Students in professional schools (like the ischool or b-schools) work in many group projects. FREEdback frees these students to give each other honest feedback about their strengths/weaknesses and improve themselves.
FREEdback was a class project for “User Interface Design and Development” class.
Role: Team member
Skills: UX research, Participatory design, Interaction design, Usability testing
Students at professional schools want to improve themselves in various parameters, not the least of which is their interpersonal skills. They work in various different groups, which gives them a great opportunity to collect feedback about their work habits from their peers.
But in a scenario where there are students of various different backgrounds, cultures, temperaments and working styles, students don’t feel comfortable being honest about the feedback that they give their peers, if they give them any at all.
Also, most of the time, the person receiving feedback becomes defensive about their actions and then either ignore the feedback or justify it to themselves. This leads to frustration on both the person giving the feedback as well as the receiver.
Finally, even if the student does receive good feedback, it is very rarely actionable feedback. People rarely know what to do with it.
The Product Vision
FREEdback is a mobile app which lets students give anonymous but actionable feedback to their peers in different groups. Once the feedback has been received, it lets students have constructive anonymous conversations about the feedback, if required.
Tinder-like binary input screen for feedback
Feedback report for students
What We Did
We used user-centered design methods (contextual inquiry, participatory design, affinity diagramming, etc) for this project.
Initially, we had made three key assumptions.
- We assumed student feedback would work pretty much the same way that it worked in the professional world with 360 degree feedback.During our interviews, we learnt that the professional world’s hierarchical system of supervisors and subordinates, as compared to the student’s flat world of peers, makes it into an entirely different dynamic. Because the stakes are lower in an educational setting, it’s more difficult to motivate people to want/give feedback, but an advantage is that there are no financial incentives involved, so people aren’t trying to “game the system” as much. That, along with the fact that students at a professional school are much more open to learning about their own shortcomings, created a completely different set of motivations which needed a different solution from corporate setup.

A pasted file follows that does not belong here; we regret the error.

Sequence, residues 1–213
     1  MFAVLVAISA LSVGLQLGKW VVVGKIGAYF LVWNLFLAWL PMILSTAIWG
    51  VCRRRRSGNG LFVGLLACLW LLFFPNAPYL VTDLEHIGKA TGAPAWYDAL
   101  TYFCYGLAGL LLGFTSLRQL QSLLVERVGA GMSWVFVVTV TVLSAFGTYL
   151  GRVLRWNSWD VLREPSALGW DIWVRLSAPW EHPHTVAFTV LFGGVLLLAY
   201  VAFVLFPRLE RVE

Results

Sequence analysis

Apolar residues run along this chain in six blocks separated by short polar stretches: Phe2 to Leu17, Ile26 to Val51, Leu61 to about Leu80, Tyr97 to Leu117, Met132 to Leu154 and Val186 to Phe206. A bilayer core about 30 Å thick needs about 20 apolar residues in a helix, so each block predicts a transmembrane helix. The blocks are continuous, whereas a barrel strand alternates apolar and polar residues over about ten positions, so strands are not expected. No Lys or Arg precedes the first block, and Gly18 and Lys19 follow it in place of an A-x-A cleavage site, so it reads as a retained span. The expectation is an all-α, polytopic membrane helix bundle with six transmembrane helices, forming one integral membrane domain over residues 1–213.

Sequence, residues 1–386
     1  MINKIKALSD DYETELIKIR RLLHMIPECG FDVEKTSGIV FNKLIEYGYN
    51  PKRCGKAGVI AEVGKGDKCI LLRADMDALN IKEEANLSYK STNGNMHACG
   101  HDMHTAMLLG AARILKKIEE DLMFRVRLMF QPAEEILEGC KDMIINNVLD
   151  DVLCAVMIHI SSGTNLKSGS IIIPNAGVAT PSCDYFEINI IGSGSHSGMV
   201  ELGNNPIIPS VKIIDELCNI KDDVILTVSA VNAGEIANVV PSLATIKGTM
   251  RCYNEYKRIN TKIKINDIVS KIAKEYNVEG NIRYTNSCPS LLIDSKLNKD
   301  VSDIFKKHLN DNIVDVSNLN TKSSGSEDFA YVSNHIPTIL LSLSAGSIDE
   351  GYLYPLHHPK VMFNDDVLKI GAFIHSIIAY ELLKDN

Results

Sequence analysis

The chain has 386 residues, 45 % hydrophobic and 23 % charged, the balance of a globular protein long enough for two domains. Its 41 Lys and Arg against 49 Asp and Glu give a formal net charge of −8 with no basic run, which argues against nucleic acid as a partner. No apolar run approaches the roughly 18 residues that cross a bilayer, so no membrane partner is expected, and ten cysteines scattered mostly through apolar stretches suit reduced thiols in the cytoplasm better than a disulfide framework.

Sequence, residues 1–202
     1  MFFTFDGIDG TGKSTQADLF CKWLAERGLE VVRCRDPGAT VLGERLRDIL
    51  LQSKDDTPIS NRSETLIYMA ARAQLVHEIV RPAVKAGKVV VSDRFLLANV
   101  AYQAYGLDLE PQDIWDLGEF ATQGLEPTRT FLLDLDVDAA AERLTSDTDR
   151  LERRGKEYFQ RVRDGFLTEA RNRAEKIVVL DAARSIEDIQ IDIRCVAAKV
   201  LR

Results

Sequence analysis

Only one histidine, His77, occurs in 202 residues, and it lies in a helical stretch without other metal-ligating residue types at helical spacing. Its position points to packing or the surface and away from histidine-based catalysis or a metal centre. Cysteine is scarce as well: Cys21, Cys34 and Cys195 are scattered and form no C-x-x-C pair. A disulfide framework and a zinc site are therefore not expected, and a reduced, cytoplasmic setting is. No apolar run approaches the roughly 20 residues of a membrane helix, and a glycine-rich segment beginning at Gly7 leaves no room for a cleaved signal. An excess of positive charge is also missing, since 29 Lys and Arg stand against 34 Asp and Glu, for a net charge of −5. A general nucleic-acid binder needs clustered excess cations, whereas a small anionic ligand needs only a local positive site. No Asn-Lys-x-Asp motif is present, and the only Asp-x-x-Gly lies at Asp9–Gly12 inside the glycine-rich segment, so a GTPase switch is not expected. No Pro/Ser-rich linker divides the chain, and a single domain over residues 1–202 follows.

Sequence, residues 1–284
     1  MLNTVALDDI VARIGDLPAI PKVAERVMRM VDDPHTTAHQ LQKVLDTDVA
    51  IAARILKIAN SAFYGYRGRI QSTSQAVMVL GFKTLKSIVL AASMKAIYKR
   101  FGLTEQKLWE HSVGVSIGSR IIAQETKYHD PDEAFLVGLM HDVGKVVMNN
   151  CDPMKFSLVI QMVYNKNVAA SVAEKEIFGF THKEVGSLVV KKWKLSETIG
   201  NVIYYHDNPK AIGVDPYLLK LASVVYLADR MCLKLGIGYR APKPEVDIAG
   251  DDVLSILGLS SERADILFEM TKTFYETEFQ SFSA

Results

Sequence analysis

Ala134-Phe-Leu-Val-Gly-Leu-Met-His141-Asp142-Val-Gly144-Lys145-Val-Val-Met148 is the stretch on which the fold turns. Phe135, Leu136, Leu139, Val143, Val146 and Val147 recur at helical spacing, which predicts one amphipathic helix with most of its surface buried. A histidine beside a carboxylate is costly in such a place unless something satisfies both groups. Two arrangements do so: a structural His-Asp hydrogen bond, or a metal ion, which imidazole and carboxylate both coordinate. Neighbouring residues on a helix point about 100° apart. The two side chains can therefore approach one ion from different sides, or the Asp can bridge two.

- We assumed everybody would like to receive anonymous feedback because it would be the most honest form of feedback.During out contextual inquiries, we learnt that our assumption that “giving” the feedback was the more difficult than “receiving” turned out to be wrong. People were extremely wary of how they would receive negative feedback. We had to balance between making the feedback superfluous on one hand, and making it possible to receive true but negative feedback on the other. We tried various different input formats and reports using paper prototypes, so that we could create the ideal user experience. After several iterations, we wound up using primarily a tag-cloud interface where users could choose words that “least describe” and “most describe” a fellow group member from a list of positive adjectives. Words like “lazy,” we found, hurt more than being “least described” as “productive.” We stayed away from saying “words that do not describe…” for the same reason. We also allowed comments for elaboration, which users generally enjoyed.
- We assumed people would like to give feedback very frequently, especially if the interface was as easy as swiping left or right.When we conducted some usability tests, we realized that while the Tinder-like feedback input mechanism sounds great on paper, but people really don’t want to be doing that every day. We had to find other methods of quickly capturing deeper feedback.To solve this, we designed a weekly mixed-method feedback mechanism where you would be able to unlock your feedback by submitting your feedback about your peers. It would also be randomized, so that you would not be able to mechanically go through the motions of giving their feedback.
Tag cloud interface – version 2
Tag cloud interface – version 3
FREEdback – a storyline
Affinity diagram for Freedback needs
Back to Projects